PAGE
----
This post forms part of a serialisation eventually building into a complete reference on Journaling for Creativity and the writer's notebook. One that will demonstrate how to journal in order to improve creativity and effectiveness of artists, writers or anyone needing to be creative.
This week’s journaling for creativity post is the first post in the section: Types of journal entry. It is being started with the project plan, or outline entry, because it is probably the most important entry in a writer’s creative journal. This is the entry that provides the statement and focus for which everything else that you do or journal about eventually feeds towards.
Any large writing or art project needs to have a concept, a goal, a destination. There must be something that you are driving towards, something that you are driving yourself to achieve. If you do not have a unifying goal for your activities, then it is unlikely that your project will be completed because every new distraction will divert you further and further away from your initial purpose.
The outline entry needs to be the first thing in your journal, right at the front where you see it every day and it needs to consist of these two parts;
Title or working statement
Title or working statement
Using bold, easily read lettering place your title or working title across the top of the first page. If you don’t yet have a title, use a working statement that succinctly sums up your project in no more than two lines, for example; “My novel about Azgard’s destruction by the ice giants.”
This is your daily mantra, your reminder to those submerged parts of your mind that they need to be working on this project. It will also restrain you from slipping towards other interesting distractions.
Neat idea: I have seen concept art book covers used for this, which must give a very satisfying feeling when you see it each day.
This is a top level overview, displaying the flow of the project and the major tasks that need to be done or written. You will almost certainly have a more detailed overview elsewhere, whether this is in a separate folder, notebook, computer or displayed across the walls of your room as shown in this post on the Open Culture site: How Famous Writers — From J.K. Rowling to William Faulkner — Visually Outlined Their Novels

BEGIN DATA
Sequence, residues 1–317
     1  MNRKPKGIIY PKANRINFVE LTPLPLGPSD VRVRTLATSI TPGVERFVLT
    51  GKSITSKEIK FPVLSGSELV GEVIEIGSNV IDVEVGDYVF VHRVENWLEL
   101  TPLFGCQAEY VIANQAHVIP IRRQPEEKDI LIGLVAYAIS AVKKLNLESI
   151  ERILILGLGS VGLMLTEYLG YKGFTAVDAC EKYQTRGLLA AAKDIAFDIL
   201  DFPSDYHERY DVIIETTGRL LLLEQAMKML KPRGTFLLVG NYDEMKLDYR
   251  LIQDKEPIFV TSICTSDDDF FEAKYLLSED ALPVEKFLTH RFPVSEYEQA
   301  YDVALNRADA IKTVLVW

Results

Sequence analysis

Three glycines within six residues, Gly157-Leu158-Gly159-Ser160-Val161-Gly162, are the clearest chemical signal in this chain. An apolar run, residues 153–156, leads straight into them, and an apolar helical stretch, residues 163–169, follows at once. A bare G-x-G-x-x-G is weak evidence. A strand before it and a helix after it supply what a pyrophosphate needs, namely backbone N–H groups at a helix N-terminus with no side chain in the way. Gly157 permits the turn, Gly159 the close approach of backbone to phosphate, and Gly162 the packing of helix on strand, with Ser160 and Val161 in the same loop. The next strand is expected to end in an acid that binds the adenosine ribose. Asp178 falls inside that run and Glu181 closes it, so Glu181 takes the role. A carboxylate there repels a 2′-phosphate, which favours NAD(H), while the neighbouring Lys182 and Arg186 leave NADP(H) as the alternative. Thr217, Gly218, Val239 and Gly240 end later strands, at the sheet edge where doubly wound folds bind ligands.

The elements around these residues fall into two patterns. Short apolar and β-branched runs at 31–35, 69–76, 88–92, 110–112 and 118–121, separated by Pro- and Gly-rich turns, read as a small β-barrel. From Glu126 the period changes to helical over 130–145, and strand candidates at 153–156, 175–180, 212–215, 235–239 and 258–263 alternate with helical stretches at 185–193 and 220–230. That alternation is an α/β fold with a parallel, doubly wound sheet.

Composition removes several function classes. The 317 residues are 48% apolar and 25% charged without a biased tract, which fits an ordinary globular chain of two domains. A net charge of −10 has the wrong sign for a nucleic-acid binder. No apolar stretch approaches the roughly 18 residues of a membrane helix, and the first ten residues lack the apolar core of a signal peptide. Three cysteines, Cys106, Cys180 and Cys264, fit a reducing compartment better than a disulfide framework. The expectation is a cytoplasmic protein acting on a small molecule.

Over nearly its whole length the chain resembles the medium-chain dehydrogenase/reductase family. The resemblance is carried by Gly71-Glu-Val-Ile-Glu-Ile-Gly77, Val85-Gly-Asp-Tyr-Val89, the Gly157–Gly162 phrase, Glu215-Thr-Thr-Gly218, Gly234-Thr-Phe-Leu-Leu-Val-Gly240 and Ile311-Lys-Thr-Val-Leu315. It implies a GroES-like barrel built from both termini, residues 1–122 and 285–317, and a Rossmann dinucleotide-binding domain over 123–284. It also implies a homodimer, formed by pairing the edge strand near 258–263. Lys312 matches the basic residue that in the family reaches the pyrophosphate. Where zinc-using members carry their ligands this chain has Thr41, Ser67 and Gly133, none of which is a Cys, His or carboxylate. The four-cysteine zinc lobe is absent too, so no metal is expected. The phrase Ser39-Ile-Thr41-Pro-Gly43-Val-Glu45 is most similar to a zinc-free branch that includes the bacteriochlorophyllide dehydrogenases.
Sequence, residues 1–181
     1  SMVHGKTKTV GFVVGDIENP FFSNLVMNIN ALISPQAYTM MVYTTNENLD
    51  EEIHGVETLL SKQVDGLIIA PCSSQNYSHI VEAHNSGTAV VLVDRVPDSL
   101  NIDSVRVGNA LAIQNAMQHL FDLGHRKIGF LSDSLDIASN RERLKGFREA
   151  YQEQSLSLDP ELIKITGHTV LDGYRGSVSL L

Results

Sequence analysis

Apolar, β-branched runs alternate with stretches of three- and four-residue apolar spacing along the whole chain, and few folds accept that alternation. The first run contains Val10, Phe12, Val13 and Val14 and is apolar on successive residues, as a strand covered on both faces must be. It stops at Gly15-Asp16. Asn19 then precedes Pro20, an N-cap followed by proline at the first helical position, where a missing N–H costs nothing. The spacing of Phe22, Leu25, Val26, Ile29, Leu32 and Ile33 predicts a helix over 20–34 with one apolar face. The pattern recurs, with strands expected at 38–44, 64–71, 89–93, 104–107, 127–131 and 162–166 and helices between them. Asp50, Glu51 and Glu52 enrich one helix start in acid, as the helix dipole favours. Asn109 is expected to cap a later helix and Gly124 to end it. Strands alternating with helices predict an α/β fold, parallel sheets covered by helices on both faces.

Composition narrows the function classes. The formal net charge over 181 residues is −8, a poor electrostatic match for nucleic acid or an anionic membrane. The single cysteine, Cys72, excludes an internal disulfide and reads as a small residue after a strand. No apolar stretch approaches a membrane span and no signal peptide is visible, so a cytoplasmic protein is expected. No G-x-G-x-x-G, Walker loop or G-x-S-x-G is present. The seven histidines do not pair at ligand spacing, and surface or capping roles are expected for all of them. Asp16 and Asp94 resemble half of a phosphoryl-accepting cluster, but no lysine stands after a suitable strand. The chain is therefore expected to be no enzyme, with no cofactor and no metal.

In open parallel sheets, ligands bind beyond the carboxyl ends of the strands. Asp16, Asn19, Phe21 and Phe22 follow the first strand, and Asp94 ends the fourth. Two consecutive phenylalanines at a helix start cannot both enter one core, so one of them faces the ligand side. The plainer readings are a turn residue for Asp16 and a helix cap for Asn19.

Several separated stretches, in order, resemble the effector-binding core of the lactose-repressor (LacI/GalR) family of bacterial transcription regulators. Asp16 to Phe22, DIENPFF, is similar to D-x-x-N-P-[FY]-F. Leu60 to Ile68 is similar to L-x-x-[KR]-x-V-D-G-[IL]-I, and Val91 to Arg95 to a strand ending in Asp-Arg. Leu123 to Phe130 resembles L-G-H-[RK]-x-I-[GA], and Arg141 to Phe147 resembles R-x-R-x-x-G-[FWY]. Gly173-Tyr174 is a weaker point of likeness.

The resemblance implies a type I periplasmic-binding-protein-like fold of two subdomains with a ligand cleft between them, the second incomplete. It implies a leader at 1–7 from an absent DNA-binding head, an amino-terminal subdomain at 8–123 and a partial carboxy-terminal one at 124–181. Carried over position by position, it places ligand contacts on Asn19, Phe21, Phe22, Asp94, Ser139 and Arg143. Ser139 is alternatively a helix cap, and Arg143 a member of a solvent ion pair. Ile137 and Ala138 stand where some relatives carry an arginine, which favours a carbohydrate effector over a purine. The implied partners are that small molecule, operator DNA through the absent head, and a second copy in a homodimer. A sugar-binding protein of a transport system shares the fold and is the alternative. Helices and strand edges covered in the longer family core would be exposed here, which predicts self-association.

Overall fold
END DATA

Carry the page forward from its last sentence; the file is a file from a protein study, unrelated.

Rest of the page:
However, you still need a compact overview in the front of the journal you carry with you, your mobile journal, as this will keep you aware of the different parts of the project, how they fit together, where you are and what needs your attention next.
It is inconceivable that the project overview in your mobile journal will remain the same throughout the time it takes to complete the project, so resist the urge to laminate it as you will probably be replacing it often.
For the overview, VISUAL IS BETTER! Use flow charts, time lines, mind maps, graphics etc. The more visual it is, the more you will engage your creative-mind in something it would otherwise have no interest in and would therefore reject. Think about the last time you were in the creative flow, were you aware of time and daily necessities? No, that’s because the creative-mind doesn’t care for these. So you need to make your overview visual and interesting to your inner creative, if you wish for him/her to be involved and not be distracted by every diversion that presents itself.
Fold out pages can make outlines more functional but don’t be tempted to try and use it to replace a detailed and comprehensive version elsewhere.
For many of today’s authors, their project doesn’t stop at an outline of the story, they may also be considering marketing and platform building activities, all of which require their own “other activities overview” in the journal.
In next week’s journaling for creativity post, we will be looking at the personal conversation entry; which is not to be confused with the journal entry where we record snippets of interesting conversation.
Photo credit: Crapbeard-composite, by Opello.
"Titles, project plans and outlines" by Andy Shackcloth is licensed under a Creative Commons Attribution-ShareAlike 3.0 Unported License.